I am not a fan of biography. Auto-biography is by definition a biased view and other-biography can never be entirely complete.
I’m a map guy, a history guy, a “just the facts, ma’m” kinda Joe Friday guy. In my world of black and white, biography is so many fuzzy shades of gray.
I remember growing up with Ronald Reagan on the national stage. As a youngster he was the joking grandfather and protective uncle and dashing movie star all wrapped up into one. Most importantly, he was everything Jimmy Carter wasn’t. Reagan was confident, assertive and not afraid of anything or anybody.
Nobody was going to push America around with Ronald Reagan at the helm.
Of course this sentiment was naive and simplistic. But in my formative years after the hostages in Tehran and the Soviet Union’s nuclear threat and two-bit communist thugs in Central America and Japan buying up our real estate market, it felt good to have a hero in the White House again.
In my world of 1980s gray, President Reagan stood for the rule of law. He stood up to bullies and got America working again. He said what he meant and meant what he said.
Now argue as you will about the who’s and where’s and what’s. Those are details and lessons for the future. In your worlds of gray, he may have stood for much different things. Each of us has our own world of gray, back in 1980 or in the election of 2010.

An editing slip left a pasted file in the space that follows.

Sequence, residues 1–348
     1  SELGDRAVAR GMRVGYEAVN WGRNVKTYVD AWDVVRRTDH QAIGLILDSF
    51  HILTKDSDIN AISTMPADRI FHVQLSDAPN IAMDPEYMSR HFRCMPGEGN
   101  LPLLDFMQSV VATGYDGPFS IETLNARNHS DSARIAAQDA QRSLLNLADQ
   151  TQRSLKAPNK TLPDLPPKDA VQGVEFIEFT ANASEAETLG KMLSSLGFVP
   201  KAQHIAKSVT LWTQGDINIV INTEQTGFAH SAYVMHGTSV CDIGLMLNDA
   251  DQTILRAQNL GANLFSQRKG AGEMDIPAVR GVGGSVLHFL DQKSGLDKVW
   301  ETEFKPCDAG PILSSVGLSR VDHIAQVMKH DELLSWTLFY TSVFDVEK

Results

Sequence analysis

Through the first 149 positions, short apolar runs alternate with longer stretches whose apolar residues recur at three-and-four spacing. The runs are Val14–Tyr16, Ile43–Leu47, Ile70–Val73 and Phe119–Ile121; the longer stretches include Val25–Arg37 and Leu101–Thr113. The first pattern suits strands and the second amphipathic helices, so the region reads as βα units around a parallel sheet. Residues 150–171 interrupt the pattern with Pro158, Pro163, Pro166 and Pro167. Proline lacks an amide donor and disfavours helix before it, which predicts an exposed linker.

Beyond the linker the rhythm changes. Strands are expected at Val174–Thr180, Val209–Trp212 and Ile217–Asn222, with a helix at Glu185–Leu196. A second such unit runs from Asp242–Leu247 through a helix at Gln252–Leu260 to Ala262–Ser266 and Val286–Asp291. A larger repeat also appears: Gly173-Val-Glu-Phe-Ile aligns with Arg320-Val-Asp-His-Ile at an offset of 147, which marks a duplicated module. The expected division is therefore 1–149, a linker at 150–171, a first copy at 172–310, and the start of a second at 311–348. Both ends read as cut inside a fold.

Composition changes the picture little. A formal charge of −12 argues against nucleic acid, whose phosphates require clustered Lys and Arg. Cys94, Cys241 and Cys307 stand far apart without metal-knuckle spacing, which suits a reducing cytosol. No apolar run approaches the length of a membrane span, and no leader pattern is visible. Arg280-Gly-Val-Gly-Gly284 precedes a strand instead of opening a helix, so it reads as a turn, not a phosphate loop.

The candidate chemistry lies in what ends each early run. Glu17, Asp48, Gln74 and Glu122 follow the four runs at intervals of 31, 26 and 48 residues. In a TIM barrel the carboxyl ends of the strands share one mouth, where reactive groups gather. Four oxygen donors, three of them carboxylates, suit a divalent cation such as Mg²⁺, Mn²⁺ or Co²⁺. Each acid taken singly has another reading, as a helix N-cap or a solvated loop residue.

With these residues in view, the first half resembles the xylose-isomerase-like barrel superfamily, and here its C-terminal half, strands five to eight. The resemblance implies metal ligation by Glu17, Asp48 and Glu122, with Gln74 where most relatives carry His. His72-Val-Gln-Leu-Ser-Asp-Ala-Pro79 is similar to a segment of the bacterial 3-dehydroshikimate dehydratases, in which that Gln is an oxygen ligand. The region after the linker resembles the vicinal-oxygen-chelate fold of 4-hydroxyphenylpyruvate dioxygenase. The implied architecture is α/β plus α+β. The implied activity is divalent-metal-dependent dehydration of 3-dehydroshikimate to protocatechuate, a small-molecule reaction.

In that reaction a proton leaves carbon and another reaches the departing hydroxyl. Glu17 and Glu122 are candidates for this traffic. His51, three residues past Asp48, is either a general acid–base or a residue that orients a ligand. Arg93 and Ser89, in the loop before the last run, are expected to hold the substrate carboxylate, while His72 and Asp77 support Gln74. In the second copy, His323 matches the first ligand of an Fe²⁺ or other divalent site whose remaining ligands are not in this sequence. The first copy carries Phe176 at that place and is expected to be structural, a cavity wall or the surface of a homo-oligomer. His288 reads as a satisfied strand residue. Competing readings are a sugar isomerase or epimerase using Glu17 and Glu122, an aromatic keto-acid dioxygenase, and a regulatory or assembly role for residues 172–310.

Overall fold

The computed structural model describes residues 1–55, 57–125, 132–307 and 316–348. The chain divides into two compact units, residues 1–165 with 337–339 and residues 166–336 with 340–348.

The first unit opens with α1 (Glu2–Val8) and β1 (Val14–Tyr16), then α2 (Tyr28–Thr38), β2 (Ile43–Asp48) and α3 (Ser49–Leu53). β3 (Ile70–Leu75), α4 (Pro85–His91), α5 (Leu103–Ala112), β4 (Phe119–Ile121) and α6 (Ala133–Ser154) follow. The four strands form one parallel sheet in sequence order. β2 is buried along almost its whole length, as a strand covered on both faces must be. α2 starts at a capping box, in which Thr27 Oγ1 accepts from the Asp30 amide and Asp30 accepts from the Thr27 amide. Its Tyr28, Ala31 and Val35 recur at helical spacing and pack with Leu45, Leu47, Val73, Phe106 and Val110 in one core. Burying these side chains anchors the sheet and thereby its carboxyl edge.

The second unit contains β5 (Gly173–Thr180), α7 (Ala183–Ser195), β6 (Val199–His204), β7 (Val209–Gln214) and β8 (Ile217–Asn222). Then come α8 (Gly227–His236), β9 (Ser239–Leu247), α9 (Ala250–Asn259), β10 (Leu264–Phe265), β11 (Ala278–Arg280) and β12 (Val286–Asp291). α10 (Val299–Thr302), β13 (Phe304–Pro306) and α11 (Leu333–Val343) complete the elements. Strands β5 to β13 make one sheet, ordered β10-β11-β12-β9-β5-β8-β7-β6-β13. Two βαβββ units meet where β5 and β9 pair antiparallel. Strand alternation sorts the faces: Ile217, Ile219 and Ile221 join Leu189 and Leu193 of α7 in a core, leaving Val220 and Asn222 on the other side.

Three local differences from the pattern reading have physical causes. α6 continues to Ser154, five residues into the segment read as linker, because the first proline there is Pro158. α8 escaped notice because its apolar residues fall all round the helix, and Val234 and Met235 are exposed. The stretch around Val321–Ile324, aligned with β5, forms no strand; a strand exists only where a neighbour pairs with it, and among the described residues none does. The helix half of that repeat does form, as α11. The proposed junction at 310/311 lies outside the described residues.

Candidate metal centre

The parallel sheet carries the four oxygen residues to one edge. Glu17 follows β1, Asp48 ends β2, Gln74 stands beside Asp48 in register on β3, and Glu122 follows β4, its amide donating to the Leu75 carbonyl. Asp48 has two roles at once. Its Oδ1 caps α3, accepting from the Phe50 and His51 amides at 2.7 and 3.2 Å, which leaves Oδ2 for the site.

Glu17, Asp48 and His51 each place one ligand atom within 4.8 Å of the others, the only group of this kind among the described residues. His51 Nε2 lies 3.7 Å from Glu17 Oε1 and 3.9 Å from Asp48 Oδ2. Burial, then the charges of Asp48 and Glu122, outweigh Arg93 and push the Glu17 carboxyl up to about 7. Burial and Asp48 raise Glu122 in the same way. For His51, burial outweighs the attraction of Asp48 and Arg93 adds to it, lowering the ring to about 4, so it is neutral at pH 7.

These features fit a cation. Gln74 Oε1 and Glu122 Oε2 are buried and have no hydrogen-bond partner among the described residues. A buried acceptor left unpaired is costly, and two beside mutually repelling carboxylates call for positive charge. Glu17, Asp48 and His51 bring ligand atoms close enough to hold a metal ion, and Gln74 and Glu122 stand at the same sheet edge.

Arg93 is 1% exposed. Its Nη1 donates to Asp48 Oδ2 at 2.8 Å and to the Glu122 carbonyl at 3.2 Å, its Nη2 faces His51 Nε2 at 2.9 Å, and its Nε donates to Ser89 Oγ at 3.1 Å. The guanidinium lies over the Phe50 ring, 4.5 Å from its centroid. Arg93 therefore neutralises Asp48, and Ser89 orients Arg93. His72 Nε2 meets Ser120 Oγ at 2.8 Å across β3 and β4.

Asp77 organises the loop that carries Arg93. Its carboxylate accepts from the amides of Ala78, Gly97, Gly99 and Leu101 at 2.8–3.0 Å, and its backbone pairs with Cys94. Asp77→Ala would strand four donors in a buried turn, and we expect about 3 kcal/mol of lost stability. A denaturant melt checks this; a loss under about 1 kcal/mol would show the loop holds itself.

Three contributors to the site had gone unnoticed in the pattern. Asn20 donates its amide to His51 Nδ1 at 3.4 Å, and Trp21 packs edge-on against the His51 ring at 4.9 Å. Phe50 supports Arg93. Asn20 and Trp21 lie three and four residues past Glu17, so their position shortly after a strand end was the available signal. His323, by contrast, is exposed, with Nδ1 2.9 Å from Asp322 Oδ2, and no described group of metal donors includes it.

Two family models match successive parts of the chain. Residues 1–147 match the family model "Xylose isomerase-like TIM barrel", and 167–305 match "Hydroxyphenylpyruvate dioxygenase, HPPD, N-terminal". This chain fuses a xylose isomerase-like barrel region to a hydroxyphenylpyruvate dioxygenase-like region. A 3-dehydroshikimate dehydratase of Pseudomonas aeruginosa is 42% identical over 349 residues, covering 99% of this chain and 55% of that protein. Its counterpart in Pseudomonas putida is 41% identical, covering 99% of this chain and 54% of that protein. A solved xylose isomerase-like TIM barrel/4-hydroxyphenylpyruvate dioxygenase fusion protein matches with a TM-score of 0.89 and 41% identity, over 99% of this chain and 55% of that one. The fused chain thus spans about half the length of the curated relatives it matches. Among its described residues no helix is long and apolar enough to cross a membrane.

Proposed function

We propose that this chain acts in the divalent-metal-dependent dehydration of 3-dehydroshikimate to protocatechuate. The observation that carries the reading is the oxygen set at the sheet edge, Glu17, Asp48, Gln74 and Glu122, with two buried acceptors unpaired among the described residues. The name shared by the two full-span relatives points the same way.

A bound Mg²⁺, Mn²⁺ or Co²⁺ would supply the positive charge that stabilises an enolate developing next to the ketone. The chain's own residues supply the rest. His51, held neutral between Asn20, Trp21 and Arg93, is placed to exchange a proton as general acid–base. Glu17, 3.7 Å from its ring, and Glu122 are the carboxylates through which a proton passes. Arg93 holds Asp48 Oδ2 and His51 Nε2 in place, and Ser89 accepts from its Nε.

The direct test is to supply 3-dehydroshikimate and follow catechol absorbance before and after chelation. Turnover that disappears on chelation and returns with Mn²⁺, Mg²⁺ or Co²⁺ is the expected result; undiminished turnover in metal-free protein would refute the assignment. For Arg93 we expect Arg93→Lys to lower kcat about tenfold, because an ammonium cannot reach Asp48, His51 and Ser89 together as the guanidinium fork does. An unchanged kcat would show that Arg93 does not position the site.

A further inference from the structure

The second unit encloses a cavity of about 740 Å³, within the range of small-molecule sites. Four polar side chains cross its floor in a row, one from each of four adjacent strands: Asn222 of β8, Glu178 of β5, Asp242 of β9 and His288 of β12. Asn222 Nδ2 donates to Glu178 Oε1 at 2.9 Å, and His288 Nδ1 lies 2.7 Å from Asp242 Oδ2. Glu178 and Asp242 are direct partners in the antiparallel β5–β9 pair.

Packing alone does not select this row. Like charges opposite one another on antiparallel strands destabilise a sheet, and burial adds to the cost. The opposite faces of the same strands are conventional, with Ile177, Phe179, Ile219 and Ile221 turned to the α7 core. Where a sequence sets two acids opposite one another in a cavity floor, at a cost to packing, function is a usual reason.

Reagan also opened the world of Conservative thought to me. It was through the President, or rather through meeting others who also supported the President, that I came to know of William F. Buckley and his National Review, Senator Barry Goldwater and Milton Friedman and other political philosophers from Russell Kirk back to Edmund Burke. In the years since I’ve gone warm and cold on National Review—as Reagan and Buckley, Goldwater and Friedman passed on, the magazine seems to me to lose focus, as did much of the Conservative movement. Where is today’s Buckley, let alone tomorrow’s Reagan? I don’t see them in the blogs at NRO… (and the print edition is locked behind a subscriber wall). The clear alliances of the Cold War have given way to the foggy gray of multi-polar, post-national statecraft.
In your world that gray may be a good thing. In mine not so much. So it is with, yes, certain nostalgia that I look back on 100 years of Ronald Reagan, but mostly hope for Morning in America in the next 100.